Friday, February 24, 2012

White People Black Stories Goes Back in Time: Little Black Sambo, It's Your Turn

Hi Meltingpot Readers,

When I started this series for Black History Month, I really wanted to highlight a trend of White people who, for better or worse, have garnered fame by telling the stories of Black people. Why? I guess it was my attempt to show that the concept of Black History Month, a month to celebrate and acknowledge the accomplishments and contributions of Black Americans is not, or rather, should not be a 'Black thing.' Because clearly Black people's lives, legends and heroics are fair game for all people to witness and benefit from. We don't own our contributions. We don't even own our culture. But should we get credit it for it? Should we charge a fee when it's borrowed without acknowledgement? I don't know the answers to these questions, but that doesn't mean we shouldn't ask. Right?

So, back to my list. Today, we're talking about Helen Bannerman. Who? The Scottish author who will forever be known as the woman who wrote the book, Little Black Sambo. Even though Bannerman penned several other children's books, her 'greatest' legacy is Sambo. Now, it would be so easy to just post Bannerman's name, include a picture of the rather offensive cover of the original Sambo book and allow you to tsk tsk at Bannerman's obvious racist attitudes. But I can't do that. Because as with all things racial in nature, it's complicated.

First of all, Bannerman wrote Little Black Sambo while she was living in India and claimed the story is about a little Indian boy who outwits a band of hungry tigers. Indeed, there are nods to Indian culture and India itself in the text, but seriously, Sambo looks like a Negro. And she called him Little 'Black' Sambo, not Little Indian Sambo. What's more, by the time Bannerman wrote this book in 1899, the term Sambo was already considered a Black and/or slave name, so you kind of have to wonder about Bannerman's motives. She says she was writing a book to amuse her daughters and she probably was, but she might have thought using derogatory language and pictures was amusing.

And then of course Sambo took on a life of his own in the United States and around the world, gaining momentum as a racist little figure. But interestingly, many Black people remember hearing the story of Little Black Sambo and loving the fact finally there was a story about a smart little Black kid who becomes a hero at the end of the tale. Who cares that a White lady wrote the book in India?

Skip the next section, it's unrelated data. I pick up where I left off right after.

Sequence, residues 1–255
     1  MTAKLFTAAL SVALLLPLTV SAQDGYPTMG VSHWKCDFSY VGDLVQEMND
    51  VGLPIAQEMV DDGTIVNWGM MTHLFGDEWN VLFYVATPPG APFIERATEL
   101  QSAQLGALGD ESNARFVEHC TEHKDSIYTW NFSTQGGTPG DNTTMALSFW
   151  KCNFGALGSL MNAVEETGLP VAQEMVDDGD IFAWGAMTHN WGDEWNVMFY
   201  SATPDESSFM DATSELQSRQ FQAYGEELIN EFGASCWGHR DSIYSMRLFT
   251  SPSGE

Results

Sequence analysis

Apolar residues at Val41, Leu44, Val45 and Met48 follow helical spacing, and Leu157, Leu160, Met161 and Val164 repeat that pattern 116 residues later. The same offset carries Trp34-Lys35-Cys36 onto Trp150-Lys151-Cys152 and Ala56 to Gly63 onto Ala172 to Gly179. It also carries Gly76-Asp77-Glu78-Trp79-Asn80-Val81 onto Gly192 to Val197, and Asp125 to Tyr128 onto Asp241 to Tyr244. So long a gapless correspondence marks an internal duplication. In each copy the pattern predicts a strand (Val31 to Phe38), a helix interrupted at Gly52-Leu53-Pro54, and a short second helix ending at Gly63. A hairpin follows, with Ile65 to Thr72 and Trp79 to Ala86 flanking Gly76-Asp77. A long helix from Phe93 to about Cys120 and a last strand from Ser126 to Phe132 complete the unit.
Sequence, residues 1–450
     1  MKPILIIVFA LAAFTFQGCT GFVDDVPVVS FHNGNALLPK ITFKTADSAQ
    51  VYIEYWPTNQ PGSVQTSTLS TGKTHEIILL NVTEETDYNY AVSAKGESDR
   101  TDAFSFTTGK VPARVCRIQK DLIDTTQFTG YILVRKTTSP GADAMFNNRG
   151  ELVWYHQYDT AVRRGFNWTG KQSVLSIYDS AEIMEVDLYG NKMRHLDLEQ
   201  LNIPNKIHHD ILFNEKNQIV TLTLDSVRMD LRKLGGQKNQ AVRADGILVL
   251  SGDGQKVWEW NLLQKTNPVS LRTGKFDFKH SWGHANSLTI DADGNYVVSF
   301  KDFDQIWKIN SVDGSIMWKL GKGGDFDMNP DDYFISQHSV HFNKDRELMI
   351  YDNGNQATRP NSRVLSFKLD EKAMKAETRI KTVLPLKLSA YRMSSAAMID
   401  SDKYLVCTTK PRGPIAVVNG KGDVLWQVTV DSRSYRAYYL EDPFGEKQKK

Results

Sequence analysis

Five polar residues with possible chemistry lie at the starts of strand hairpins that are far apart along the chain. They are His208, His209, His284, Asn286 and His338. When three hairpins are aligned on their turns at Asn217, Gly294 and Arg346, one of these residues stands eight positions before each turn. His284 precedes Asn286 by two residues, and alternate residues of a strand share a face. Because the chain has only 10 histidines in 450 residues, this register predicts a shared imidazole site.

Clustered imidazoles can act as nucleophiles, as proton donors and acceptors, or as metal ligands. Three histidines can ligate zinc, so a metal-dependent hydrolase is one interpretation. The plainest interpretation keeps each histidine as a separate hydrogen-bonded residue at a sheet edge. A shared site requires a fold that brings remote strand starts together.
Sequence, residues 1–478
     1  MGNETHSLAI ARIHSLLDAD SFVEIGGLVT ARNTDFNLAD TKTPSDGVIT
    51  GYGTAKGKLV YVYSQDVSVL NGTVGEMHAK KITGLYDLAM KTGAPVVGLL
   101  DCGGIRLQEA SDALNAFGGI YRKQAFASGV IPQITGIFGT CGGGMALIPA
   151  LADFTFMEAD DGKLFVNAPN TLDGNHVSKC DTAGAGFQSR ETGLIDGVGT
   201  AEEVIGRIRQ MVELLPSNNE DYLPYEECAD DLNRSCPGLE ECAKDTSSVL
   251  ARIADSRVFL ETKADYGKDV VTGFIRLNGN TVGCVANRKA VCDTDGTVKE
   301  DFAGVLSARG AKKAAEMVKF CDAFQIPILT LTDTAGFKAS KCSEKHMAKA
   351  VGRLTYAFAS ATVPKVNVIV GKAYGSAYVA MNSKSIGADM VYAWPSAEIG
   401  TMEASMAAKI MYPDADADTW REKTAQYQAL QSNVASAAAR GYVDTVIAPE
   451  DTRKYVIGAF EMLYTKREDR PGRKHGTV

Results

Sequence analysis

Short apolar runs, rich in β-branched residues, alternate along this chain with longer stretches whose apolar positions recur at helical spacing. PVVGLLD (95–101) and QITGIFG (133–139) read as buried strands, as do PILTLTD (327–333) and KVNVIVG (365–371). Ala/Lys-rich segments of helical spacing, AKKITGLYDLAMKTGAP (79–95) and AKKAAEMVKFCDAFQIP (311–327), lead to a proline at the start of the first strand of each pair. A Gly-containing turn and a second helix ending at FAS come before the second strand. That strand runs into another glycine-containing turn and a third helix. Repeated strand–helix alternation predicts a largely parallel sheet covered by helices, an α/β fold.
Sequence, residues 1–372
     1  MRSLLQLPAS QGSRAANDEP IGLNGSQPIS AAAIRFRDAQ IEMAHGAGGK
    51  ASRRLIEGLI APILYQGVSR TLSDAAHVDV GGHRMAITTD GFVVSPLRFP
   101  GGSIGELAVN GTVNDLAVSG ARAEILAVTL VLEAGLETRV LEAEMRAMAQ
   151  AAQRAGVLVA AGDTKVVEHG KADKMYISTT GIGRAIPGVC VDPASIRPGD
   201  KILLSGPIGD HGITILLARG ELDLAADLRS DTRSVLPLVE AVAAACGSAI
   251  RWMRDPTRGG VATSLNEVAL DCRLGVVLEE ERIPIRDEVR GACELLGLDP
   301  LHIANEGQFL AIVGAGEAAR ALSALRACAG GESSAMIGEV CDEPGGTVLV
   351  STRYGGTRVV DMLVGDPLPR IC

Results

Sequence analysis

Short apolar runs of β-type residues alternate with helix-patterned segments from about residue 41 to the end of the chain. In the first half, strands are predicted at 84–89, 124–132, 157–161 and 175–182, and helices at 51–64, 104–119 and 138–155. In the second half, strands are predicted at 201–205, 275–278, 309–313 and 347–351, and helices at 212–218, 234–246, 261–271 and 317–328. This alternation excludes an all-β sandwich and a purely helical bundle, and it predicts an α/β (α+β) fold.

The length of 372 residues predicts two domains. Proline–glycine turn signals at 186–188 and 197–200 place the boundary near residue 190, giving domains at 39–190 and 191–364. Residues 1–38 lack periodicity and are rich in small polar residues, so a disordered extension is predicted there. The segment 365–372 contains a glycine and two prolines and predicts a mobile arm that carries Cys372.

What do you know about Little Black Sambo? Did you know anything about the author? What do you think of the story now?

Happy Friday!


riffraff814 said...

In library school I was introduced to a 'rewrite' of it titled _Little Babaji_. That's the version I read to my kids. The names are Mamaji, Papaji, and Babaji. And the illustrations are more classically Indian (if a bit 'country' rather than 'city'). Other than that, the text has been left alone.

It really helped my mom who *loved* telling the story, but felt like she couldn't because it was inappropriate. (Note for those who don't know me, we are Irish American descendants.)

Jen Marshall Duncan said...

I didn't really know anything about the author, but I did know about the books and the way Sambo images made their way into pop culture. Sambo's used to be a restaurant, too, and had franchises all over the place filled with pictures from the book. I'd thought they were all gone; but then a few years ago I attended a training in Santa Barbara and near my hotel was the original Sambo's restaurant, still open for business and still decorated with images from the books. I was completely flabbergasted that such a place is still in operation. Needless to say, every patron in the place was white (and probably completely oblivious to the insensitive and degrading artwork surrounding them.)

Anonymous said...

When you started this series for Black History Month, I thought you would start with Harriet Beecher Stowe's "Uncle Tom's Cabin". I first read the novel book as a young girl when a good friend* recommended it. It was our first exposure to the dark side of American history. Despite our shock, my friend and I loved Uncle Tom. What was there not to love? He was a good man despite his circumstances. Imagine my surprise when I came to the U.S. and I found out the negative connotation of "Uncle Tom"...

*That childhood friend (with whom I have lost contact) sent me a Facebook friend request a couple of days ago.


LT said...

I've seen some of the rewrites and it's true, without the offensive photos, the story seems quite harmless.

I thought all of those Sambo restaurants closed. Hmmm

I did consider Uncle Tom's Cabin, but I was kind of sticking with contemporary stories to prove the point that this trend keeps on going. But thanks for reminding us.

MamaB said...

Regarding the use of black vs Indian, I lived in England for a year and was surprised when a friend referred to someone who was Indian as "black".

Anonymous said...

I'm African American and for some reason really loved this book as a very young child. As a kindergartner I always picked this book out at the library when we had free reading. My parents were horrifed. I don't know if I saw something of myself in the image, or if I just thought Sambo was cute. So I have good memories of this book from the days when I was too young and innocent to know better.